I'm going to refer to them, and then as the application, you can configure the way your assets are going to be treated, and so as an application code, it's quite simple to use the assets.
You basically import them from the module, or even from your own application.
Add Import Assets, basically, is give me all my own apps, applicat-- my own apps assets.
And you can bring in the assets from various modules.
And then, it's quite simple to refer to these.
Basically, you just prefix the path with the name of the module, and then reference the location that they had said it was at.
Under the covers, what Eyeglass is doing is taking that asset, it's going to ask the application, how do you want this installed into your app? How do you want it to be named? And then it will return a URL to the Sass file that really suits the application's needs best.
It also lets you enumerate over all the assets.
You can just say like, asset list, and it will let you inspect all the assets that are provided.
Good for debugging, or iterating over things, et cetera.
Another low level feature that Eyeglass is providing as a file system API.
So this is actually something that in the Core Sass API, we have long fought against.
But as an extension, I think it makes sense.
And so, basically, we let you import, we let you get access to the file system.
You can check, do files exist? You can read in a directory of files.
Enumerate over those things.
Mess with the names, et cetera.
So here, you can see that we're generating a class based on the base name of a file, and just kind of doing our some of our own asset management that way.
So you don't have to use the assets module if you don't want to.
File system API is even a lower level thing.
But one of the annoying things about node-sass that we didn't have in Ruby Sass is that we don't know what file you're in when you call a function.
That would be really useful to know, but we don't.
What we do know is what file you're in when you do an import statement.
And so, to work around that, you have to do these import statements here.
Import, FS, and then some identifier.
And all that does-- well, root is special.
It's going to be the root of your application.
But any other identifier that you pass in, it's just the directory of whatever Sass file you're in.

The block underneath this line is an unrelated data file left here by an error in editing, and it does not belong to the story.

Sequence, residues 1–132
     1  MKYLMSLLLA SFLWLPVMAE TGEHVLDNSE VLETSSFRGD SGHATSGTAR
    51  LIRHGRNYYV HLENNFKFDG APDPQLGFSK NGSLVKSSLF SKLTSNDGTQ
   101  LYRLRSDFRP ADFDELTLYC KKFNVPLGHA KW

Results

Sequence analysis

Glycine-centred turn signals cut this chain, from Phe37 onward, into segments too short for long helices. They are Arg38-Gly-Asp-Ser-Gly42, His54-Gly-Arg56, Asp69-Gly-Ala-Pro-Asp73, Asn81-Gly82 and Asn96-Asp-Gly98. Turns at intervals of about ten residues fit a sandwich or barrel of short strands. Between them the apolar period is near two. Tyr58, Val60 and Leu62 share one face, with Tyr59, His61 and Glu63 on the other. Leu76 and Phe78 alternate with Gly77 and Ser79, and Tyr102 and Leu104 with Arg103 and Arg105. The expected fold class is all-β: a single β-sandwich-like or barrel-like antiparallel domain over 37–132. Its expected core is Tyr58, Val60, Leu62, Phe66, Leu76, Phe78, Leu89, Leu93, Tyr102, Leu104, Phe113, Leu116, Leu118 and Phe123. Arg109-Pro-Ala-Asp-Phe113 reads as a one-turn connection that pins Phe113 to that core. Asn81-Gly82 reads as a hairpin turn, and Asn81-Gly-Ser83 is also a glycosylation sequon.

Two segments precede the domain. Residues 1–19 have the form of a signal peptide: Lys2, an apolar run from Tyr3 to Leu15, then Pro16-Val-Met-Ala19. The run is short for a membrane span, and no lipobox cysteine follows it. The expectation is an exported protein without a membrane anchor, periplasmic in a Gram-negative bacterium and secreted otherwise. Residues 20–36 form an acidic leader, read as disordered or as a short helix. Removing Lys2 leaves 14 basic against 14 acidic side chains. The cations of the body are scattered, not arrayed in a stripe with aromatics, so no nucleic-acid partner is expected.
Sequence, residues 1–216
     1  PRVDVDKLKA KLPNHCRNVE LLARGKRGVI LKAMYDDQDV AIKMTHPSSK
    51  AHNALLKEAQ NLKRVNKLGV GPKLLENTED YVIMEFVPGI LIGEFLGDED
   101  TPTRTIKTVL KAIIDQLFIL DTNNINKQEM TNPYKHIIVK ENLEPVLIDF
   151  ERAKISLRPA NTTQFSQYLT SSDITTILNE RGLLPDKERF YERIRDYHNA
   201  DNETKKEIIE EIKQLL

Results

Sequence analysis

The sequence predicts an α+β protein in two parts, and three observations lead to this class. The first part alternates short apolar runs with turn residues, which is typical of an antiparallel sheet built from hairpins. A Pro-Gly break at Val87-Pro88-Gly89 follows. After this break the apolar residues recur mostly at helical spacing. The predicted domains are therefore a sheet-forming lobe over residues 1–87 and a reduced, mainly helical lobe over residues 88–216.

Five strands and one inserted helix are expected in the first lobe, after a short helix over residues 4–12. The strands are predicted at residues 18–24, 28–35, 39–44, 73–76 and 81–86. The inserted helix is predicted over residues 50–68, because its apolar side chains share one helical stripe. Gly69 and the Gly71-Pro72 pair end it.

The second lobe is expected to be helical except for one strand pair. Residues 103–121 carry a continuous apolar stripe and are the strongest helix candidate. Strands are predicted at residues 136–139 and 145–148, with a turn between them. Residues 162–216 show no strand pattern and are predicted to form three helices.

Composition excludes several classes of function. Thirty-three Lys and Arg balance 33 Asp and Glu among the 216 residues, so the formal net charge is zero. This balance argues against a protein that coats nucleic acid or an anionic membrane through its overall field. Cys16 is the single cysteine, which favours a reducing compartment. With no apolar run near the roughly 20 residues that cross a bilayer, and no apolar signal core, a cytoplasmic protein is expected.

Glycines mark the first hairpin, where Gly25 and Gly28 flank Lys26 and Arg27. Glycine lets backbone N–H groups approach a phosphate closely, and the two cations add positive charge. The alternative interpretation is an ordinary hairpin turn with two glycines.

And so then you can refer to that special identifier when you're constructing an absolute URL, and you'll be able to access that file directly.
And in this way, you can write Sass files that are portable across Windows or Unix-like systems.
So I get that Eyeglass is kind of nuts and bolts.
It's tools that need to exist.
It's a necessary component of the Sass ecosystem, but it's not the most exciting thing in the world.
I get it.
But someone's got to do it, and I'm happy to make sure it exists.
But the thing that I really get excited, and the reason that I've worked so hard on this, is to make sure that awesome people like yourselves can seamlessly and effortlessly share your code with each other.
And that's what really motivates me at the end of the day.
It's by David Piano, I think.
It's a really cool project, and if you do hardcore Sass development, something we're checking out.
But one of the cool modules that I would like to demonstrate for you here was made by an intern that we hired at LinkedIn this summer.
And it's a port of the Compass writing module to Eyeglass.
Do you guys know the Compass writing module anyone? A few hands.
So basically what it does is lets you generate a sprite map from your files.
You basically say, here's some files, put them into a single image, and then there's some basic functions you can call, and you don't have to know where those images are within the entire map.
It'll set the offsets for you.
It'll set the image dimensions for you.
And it just takes a lot of the grunt work out of using spriting.
So this is the API example that you can do.
So basically, you declare a sprite map with a function called sprite map.
You name it, anything you want.
And you tell it how you want the sprites laid out.
There's several possibilities-- horizontal, vertical, diagonal, and-- I forget, there's a fancy packing one that will like, optimally lay everything out into the smallest possible space.
And then you tell it which images.
And unlike Compass, that lets you do all kinds of different image files from even different modules, it's pretty cool.
So then, you can just generate some CSS using the sprite information, and what you get is a bunch of stuff that you probably didn't want to write by hand.
So that takes care of all of those yucky offsets, and using the power of extend, you can get really tight output.
So this is an example of the directory of images.
And then when you're done, it outputs a single file that is all of your sprites put together.
So another limitation from Compass was that they all had to be PNG files.
We've been able to really get away from that.
You can now use several file formats, and the files can be in different directories, which was something Compass didn't allow.
And also, Compass had this magical import.
You would say like, @import startup PNG, and it would bring in all of these special mixins for you.